Mercados Campesinos : food sovereignty construction and peasant autonomy in Bogota, Colombia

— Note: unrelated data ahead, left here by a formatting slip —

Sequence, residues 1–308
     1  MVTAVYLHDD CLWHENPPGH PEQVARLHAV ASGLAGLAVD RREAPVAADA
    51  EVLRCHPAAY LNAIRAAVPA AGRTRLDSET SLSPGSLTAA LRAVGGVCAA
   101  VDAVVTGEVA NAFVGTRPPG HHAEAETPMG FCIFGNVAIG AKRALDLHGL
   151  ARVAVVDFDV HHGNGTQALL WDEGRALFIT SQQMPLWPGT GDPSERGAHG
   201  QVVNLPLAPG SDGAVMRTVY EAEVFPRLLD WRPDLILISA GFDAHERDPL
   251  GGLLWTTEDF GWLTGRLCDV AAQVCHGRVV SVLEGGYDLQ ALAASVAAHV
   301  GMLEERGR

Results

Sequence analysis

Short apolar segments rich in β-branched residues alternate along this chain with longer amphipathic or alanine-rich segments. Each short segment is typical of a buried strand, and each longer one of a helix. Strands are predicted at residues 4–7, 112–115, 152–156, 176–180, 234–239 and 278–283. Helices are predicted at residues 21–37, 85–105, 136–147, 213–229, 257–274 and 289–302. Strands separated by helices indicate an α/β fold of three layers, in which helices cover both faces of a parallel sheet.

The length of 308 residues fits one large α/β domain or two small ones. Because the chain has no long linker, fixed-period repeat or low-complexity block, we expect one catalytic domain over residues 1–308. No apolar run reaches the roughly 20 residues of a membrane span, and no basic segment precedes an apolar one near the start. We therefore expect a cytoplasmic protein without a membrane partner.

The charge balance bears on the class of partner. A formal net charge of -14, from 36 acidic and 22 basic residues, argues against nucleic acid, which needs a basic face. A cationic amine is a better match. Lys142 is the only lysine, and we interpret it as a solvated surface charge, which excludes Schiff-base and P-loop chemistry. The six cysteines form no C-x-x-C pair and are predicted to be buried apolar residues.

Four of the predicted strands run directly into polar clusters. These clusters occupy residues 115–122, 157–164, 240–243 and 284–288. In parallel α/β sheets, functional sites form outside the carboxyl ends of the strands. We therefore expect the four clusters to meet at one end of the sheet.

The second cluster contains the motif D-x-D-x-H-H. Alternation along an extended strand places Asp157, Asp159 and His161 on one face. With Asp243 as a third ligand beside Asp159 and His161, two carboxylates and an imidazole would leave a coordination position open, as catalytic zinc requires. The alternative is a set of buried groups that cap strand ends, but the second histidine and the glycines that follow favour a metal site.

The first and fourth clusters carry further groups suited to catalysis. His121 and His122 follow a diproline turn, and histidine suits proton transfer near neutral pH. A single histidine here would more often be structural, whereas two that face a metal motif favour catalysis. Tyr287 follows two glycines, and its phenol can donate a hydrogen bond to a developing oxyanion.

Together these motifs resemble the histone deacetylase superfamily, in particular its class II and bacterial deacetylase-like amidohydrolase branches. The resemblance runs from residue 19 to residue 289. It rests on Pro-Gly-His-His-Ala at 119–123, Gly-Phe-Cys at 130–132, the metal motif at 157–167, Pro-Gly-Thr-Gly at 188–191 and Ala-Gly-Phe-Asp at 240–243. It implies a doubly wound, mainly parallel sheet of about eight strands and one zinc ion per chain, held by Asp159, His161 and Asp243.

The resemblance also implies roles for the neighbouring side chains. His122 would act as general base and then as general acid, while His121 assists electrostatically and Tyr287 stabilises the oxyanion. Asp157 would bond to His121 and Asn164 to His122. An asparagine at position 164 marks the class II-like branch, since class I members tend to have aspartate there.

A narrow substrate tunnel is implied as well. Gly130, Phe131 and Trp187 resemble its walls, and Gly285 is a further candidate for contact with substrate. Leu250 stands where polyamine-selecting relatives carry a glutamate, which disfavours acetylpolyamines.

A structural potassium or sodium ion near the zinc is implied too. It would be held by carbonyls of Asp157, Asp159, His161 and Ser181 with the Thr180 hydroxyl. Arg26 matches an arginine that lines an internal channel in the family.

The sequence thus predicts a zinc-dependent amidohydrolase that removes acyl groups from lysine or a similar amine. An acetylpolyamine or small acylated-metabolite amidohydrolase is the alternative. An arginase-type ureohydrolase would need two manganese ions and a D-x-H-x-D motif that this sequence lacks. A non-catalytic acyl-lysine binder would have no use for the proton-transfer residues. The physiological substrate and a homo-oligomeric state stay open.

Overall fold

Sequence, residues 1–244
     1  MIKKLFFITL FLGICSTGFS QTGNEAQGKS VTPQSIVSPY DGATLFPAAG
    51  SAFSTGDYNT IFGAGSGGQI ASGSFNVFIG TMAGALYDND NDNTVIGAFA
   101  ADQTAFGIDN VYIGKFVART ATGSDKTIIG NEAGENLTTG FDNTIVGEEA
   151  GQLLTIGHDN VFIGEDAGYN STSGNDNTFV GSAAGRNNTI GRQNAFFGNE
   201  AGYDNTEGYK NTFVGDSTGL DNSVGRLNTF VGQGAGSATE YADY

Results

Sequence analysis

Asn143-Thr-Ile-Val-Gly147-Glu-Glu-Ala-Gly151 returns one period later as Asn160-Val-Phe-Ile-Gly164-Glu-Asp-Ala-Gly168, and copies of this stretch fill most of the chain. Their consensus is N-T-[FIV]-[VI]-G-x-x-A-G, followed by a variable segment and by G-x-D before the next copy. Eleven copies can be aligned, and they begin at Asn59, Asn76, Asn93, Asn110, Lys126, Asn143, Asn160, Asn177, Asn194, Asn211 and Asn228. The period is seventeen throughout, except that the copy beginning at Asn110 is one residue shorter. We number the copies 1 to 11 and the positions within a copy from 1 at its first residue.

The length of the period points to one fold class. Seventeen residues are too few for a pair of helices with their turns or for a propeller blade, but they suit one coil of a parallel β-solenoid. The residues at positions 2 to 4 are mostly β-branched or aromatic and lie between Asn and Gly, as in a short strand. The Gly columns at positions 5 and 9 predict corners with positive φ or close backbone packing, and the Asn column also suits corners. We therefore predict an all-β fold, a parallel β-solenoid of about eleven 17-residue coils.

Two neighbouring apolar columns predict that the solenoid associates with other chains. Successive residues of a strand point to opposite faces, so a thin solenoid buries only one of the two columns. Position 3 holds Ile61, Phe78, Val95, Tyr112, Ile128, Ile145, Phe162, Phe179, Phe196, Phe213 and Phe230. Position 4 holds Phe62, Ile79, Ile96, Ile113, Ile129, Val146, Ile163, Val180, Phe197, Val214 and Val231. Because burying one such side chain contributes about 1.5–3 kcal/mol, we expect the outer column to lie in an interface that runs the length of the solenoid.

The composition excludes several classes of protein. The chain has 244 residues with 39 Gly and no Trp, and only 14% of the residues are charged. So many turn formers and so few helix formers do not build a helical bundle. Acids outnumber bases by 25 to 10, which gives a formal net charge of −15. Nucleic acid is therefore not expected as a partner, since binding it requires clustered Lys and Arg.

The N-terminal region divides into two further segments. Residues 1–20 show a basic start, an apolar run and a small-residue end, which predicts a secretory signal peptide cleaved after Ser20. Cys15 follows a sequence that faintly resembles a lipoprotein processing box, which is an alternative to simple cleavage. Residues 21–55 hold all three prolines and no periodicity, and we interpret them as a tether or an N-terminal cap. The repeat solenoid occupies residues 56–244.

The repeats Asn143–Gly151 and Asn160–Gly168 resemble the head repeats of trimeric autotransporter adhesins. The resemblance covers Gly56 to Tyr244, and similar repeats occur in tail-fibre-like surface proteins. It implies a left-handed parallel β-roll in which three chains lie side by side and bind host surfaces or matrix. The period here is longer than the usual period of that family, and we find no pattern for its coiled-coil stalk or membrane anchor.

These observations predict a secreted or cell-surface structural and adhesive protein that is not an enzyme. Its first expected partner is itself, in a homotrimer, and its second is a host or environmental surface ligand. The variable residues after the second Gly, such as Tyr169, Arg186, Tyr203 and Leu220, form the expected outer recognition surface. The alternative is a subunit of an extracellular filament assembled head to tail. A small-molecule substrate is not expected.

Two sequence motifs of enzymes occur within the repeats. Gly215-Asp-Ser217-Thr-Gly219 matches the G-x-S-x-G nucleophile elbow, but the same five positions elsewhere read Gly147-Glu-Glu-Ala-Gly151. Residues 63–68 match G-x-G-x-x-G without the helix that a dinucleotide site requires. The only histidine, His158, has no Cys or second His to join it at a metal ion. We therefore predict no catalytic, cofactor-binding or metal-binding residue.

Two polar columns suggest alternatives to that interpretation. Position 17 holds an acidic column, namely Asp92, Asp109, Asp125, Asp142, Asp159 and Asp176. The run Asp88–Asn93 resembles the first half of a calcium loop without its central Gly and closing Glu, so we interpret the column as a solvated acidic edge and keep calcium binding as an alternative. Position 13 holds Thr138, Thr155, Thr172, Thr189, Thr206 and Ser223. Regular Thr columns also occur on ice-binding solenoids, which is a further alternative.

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This thesis documents the history and most recent events relating to Mercados Campesinos (MC), a farmer’s market and short food distribution program that allowed peasants from Colombia’s central region to sell their products directly to consumers and bypass Bogota’s main food system. Broadly, the thesis explores the implications of food sovereignty movements aiming to provide alternatives for peasant autonomy, and state intervention in such movements. This thesis addresses the following questions: How do food, and under what circumstances do local food sovereignty movements arise? How do different actors participating in food sovereignty construction understand and articulate claims to influence and participate in domestic food systems in particular geographical settings? What practices of autonomy do peasants engage in to promote food sovereignty? The political efforts of peasant organizations, peasant farmers and international nonprofits introduce language and practices of food sovereignty and peasant economy within Bogota’s Master Plan For Food Security and Supply [Plan Maestro de Abastecimiento de Alimentos y Seguridad Alimentaria de Bogota, PMASAB], and the debate between these groups and the state over the PMASAB represents a process of food sovereignty construction. In part, the thesis focuses on the political interaction different actors over norms, discourses, and claims of how to best manage the production and commercialization of food to satisfy the needs of Bogota’s population and rural peasants in the central region of the country. I argue that the arena of food distribution and commercialization demonstrates how political interaction between the state and other civil society actors, with different meanings and discourses over food security and sovereignty shapes policies and practices related to food systems. In the case of Bogota’s MC, peasant organizations, and peasant farmers attempted to create autonomy through discourses and practices over livelihoods, improved food production and commercialization, and urban-rural integration, as opposed to industrial and centralized production, distribution, and commercialization processes. The MC program, however did not result in full peasant autonomy, as it was managed within the confines of a food policy controlled by District and regional authorities.